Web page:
What are characteristics of French that are unique or different from English and/or other languages?

Unlike in English, every noun in French has a gender (i.e., masculine or feminine). This affects every element of the sentence that is in relation with it (article, adjective, etc.).

The form of address (direct or indirect) is dictated by how formal a tone is appropriate for the document. Typically, but not always, an official document will use the more formal indirect address (“infinitive”) to give instructions to the reader. A text vying for a more casual or personal feel will employ the direct address (“imperative”). In this case, a further distinction needs to be made between the familiar “tu” and the more distant “vous.”

And there is always the thorny issue of measurement units. A vast majority of the documents written in English use the imperial units, which have no significance in countries that have adopted the International System of Units (i.e., the metric system). It is therefore imperative to produce equivalents in an understandable, reasonable, and, most importantly, accurate format.

How do these characteristics make it important to use properly qualified, professional translators?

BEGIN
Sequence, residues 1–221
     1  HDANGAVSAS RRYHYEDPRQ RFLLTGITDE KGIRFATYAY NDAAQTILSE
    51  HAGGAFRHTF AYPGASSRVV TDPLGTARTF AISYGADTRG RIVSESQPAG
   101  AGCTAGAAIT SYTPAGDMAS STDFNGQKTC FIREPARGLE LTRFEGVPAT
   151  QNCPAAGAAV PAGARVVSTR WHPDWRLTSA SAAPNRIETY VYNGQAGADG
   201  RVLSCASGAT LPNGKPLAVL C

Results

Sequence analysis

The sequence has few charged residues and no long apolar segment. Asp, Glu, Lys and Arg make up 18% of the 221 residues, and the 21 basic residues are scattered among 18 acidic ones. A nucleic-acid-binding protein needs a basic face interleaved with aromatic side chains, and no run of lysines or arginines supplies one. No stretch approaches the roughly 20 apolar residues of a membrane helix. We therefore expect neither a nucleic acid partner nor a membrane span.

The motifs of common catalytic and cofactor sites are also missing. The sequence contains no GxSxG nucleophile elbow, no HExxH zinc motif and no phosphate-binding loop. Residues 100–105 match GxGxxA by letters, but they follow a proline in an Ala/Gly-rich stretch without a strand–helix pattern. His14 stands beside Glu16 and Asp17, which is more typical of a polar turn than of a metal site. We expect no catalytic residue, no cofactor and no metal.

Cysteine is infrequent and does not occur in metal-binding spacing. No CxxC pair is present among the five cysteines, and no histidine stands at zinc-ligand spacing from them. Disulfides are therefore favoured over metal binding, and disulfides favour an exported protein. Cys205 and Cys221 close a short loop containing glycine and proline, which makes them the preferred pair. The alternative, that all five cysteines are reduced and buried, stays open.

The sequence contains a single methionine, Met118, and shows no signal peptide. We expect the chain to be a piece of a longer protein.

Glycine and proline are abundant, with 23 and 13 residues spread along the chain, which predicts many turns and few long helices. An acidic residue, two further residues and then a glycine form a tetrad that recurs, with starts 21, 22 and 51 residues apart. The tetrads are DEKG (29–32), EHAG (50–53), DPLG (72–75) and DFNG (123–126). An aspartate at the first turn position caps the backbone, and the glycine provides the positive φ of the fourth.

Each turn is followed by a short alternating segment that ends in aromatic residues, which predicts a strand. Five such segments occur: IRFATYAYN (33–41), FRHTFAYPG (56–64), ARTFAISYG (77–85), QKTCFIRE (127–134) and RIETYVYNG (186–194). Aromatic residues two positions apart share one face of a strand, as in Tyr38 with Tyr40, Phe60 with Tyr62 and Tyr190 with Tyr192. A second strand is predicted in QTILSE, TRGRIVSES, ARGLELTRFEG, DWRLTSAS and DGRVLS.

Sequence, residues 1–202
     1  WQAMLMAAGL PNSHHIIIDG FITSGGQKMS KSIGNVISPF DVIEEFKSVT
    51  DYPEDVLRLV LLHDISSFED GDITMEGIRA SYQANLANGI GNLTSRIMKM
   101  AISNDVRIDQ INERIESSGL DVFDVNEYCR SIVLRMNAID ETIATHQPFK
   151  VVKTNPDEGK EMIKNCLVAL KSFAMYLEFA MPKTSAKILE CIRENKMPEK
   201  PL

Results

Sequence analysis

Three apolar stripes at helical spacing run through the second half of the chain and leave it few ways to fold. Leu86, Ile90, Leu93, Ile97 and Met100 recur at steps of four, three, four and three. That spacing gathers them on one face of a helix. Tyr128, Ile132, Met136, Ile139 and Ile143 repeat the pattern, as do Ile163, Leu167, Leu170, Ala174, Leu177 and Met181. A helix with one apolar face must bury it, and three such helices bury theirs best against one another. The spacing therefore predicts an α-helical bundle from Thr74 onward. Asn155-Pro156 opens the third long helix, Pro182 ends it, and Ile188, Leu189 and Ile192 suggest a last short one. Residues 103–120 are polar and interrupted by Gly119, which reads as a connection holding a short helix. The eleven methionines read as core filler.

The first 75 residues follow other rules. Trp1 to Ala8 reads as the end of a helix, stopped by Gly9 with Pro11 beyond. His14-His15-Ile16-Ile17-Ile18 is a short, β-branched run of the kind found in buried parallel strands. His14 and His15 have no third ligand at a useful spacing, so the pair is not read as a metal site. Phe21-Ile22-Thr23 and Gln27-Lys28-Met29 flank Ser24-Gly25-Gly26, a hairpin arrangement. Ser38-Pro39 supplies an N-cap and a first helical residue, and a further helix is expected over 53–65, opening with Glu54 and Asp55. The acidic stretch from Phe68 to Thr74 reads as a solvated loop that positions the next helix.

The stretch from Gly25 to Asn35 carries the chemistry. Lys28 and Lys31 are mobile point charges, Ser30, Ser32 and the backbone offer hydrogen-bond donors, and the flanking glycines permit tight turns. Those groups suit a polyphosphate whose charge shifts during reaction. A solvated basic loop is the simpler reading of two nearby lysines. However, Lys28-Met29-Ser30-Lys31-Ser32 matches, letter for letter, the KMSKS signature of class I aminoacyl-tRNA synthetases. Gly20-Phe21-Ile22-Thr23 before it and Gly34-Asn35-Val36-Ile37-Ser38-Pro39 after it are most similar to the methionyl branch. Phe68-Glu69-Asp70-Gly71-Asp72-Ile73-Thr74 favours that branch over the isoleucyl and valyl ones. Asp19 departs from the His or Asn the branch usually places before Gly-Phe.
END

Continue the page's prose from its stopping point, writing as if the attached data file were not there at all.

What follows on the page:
A qualified, professional translator brings to the table a fairly complete set of skills. Namely, a good command of the source language, an in-depth knowledge of the target language, an understanding of the subject matter (assuming the project falls within the translator's area of specialization), years of experience, and most likely, a collection of tools that the “casual translator” might not have available. And it is only the synergetic combination of all these elements that will produce a high-quality result.

Linguistic skills are of course fundamental. French spelling, grammar, and syntax are notoriously arduous, and experience shows that even highly educated people (particularly maybe in the more technical fields) can have difficulty overcoming some of the obstacles.

Moreover, professional translators are typically native speakers of the target language, have generally spent years immersed in both cultures, and by necessity, stay attuned to the latest developments and trends (new words officially introduced by the Académie Française, terminology used in new fields, particularly nascent scientific areas, or even new trends in street slang). This ensures that the professional translator will have at his/her command the appropriate terminology for the subject at hand, but also will come equipped with the necessary depth of language to maximize the impact of the message.

Do you know examples where translation or localization mistakes have occurred with French?